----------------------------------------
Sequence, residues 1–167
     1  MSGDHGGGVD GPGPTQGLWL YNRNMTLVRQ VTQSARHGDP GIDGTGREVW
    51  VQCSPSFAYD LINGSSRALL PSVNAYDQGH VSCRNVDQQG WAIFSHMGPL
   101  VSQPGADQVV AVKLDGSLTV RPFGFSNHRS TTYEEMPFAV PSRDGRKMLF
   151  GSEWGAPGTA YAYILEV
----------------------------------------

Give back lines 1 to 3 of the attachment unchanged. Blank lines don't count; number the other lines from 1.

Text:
Sequence, residues 1–167
     1  MSGDHGGGVD GPGPTQGLWL YNRNMTLVRQ VTQSARHGDP GIDGTGREVW
    51  VQCSPSFAYD LINGSSRALL PSVNAYDQGH VSCRNVDQQG WAIFSHMGPL